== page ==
The Clark clan is actually falling to items. The two-hour season finale of “Fear the Walking Deceased” concluded with a literal explosion. The survivors we’ve been following for three conditions scattered like a lot flotsam and jetsam.
The finale is really two one-hour shows back to back again: “Things Bad Begun” (compiled by Jami O’Brien, aimed by Andrew Bernstein) and “Sleigh Ride” (compiled by Dave Erickson and Make Richard, aimed by Andrew Bernstein).
While it probably will never do that in conditions of ratings, I think it could finally did that in conditions of history. Resetting the story along the Mexican boundary for season three, and portraying a collapsing but nonetheless nominally operating world, is a trick that proved helpful.
Recent shows have been most likely the best of all the three times. The central grievance of “Fear” was that it surely got to the zombies too fast which it didn’t show enough “before” time. What we’re discovering now though is the actual collapse. Companies have failed, and folks are trying desperately to prop things through to their own. Some, like the doomsday prepping Ottos, were ready for this; others, like high-school direction counselor Madison Clark, weren’t.
Yet, Madison continues to be here, and the Ottos are gone, as is their Broke Jaw Ranch. Madison and her children have been moving via a society held alongside one another by only the thinnest strands, from the Abigail mixture, to Broke Jaw Ranch, to the Gonzalez Dam, and even to a bullring converted into an open bazaar run by way of a bike gang called the Proctors.
Unlike in the other show, this clan is not sticking collectively – at one point, even Nick magic aloud whether his own mother would destroy him if pressed.
Despite both of them having a loner characteristics, they quickly became fellow travelers. This brings about more problems. While Alicia’s driving them, another vehicle full of bandits comes out of nowhere and rams them. Girls run off the bandits, however, not before one of these whacks Diana’s calf with a bat, breaking a bone.
Alicia brings her to the only place she can think of, the bullring. A doctor there sets the leg, and is impressed by Alicia’s capability to assist him. Would she assist him with another patient? That patient actually is Proctor John, the leader of the street motorcycle gang, and the charges for screwing the surgery is loss of life. It’s too late to leave and Alicia is trapped into subscribing to them. Alicia helps John through the surgery and becomes something of any good-luck appeal to him.
Back at the dam, we find out what deal Strand made with John, and it’s an undesirable one: he agreed to help them infiltrate the dam, in trade for John allowing Madison and Nick go free. That is a steep price to pay and Strand is aware that if Lola – the Queen – or her enforcer, Daniel Salazar, find out, he is dead.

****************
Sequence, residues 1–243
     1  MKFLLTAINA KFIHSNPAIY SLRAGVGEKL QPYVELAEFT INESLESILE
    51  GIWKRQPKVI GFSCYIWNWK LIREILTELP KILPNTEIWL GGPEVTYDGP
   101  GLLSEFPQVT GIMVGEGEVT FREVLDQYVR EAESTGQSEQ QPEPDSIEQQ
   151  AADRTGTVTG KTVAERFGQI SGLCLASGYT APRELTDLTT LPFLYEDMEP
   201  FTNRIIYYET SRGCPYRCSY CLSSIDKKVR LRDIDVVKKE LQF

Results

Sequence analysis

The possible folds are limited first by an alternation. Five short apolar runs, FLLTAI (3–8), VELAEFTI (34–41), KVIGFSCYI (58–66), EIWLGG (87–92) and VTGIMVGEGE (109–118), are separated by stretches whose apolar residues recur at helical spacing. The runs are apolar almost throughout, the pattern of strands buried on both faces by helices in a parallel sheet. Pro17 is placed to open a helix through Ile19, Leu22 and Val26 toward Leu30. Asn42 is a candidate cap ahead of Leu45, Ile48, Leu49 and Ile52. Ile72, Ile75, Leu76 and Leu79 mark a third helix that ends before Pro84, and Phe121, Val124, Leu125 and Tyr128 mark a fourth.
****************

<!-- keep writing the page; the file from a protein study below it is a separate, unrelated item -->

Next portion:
There are so many confrontations and frictions in both time. Troy and Madison have a unusual reconciliation that won’t keep going. Daniel suspects Troy was in charge of the herd, and interrogates Nick, with very serious dangers of torture to come (fortunately for Nick, he’s a good liar). Madison finds out that Troy helped bring the herd – and kills him. Strand and Daniel, never the closest of friends, finally come to blows – with Strand placing a bullet right through his jaw, and presuming he’s dead.
On the other hand the Proctors are shifting the dam, intent on taking it over and rendering it the crown jewel of their new kingdom. Lola has learned she can’t simply out-muscle them, but she may possibly defend the dam, and can certainly line it to blow as a final hotel. The detonator for the explosives goes by through several hands, from Troy to Madison to Strand, and finally to Nick.
The growing season finale is not really a perfect two hours. It’s surprising to state the least that you of the only real institutions still standing is a street bike gang, with designs by using an empire stretching across the U.S.-Mexican border, from the Gulf to the coast. It’s also a little convenient that Walker and Crazy Dog leave, only to keep coming back at a key point in time and save Nick, and then leave again. As challenging as Daniel is, how is he in a position to not be even bothered by way of a bullet that tore through his jaw? And exactly how is Procter John even able to walk by any means, after having major back again surgery?
Those are quibbles, really, because the bigger plot points were permitted to play out. Strand double-crosses everybody, and sees it through. Madison actually kills Troy after exploring that he led the herd to the ranch. After wiring the dam with explosives, Nick grabs the detonator, threatens to blow the whole lot up – and then actually does it, even while he’s standing on top of it.
The episode closes on all of that water finally flowing freely through a parched countryside, with Madison cleansing up only the concrete loan company of an riverbed. The tiny clan we were introduced to in season you have been completely torn asunder. The dam is fully gone. The Proctors might be, too; we have no idea. Presumably, Nick, Alicia, Strand, and Daniel even with his shot jaw remain alive, but we don’t see them.
Next time we see this group – season four was already bought by AMC, and may even add a crossover with “The Walking Dead” – they will be starting from damage yet again.